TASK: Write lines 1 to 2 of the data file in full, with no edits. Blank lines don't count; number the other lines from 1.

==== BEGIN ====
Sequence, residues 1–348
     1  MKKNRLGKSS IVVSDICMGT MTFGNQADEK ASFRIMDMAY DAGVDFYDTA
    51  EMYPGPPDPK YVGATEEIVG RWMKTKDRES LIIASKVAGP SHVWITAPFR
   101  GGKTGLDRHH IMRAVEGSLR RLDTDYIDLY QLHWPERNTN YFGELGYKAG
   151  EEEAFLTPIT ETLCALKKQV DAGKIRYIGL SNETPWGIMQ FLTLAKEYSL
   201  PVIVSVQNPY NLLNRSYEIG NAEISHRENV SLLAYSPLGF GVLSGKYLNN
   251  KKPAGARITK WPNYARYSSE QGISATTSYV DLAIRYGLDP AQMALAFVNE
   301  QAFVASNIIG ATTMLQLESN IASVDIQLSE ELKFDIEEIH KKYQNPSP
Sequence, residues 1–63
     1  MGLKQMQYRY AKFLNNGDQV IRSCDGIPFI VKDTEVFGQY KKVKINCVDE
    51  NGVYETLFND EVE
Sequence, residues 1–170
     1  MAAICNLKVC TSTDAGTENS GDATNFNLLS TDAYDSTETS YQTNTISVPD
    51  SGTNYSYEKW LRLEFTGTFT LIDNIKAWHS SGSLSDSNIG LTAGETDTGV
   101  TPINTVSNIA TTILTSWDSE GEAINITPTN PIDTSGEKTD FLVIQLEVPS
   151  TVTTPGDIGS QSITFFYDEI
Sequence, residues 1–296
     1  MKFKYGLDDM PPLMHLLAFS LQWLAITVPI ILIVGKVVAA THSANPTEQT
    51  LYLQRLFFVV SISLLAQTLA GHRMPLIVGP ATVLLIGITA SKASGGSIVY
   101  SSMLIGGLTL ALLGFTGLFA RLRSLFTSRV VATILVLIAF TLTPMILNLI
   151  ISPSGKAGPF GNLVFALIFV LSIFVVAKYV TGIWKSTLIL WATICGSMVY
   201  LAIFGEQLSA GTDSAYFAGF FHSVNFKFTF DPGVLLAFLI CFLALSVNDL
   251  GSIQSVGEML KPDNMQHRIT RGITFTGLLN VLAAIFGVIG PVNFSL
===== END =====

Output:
Sequence, residues 1–348
     1  MKKNRLGKSS IVVSDICMGT MTFGNQADEK ASFRIMDMAY DAGVDFYDTA